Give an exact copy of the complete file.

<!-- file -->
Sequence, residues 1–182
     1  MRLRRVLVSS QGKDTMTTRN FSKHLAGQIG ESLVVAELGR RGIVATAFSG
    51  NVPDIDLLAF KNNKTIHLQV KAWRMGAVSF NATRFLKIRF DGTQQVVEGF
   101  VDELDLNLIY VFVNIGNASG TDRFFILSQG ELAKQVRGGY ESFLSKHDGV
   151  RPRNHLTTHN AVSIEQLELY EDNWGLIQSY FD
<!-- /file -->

Sequence, residues 1–182
     1  MRLRRVLVSS QGKDTMTTRN FSKHLAGQIG ESLVVAELGR RGIVATAFSG
    51  NVPDIDLLAF KNNKTIHLQV KAWRMGAVSF NATRFLKIRF DGTQQVVEGF
   101  VDELDLNLIY VFVNIGNASG TDRFFILSQG ELAKQVRGGY ESFLSKHDGV
   151  RPRNHLTTHN AVSIEQLELY EDNWGLIQSY FD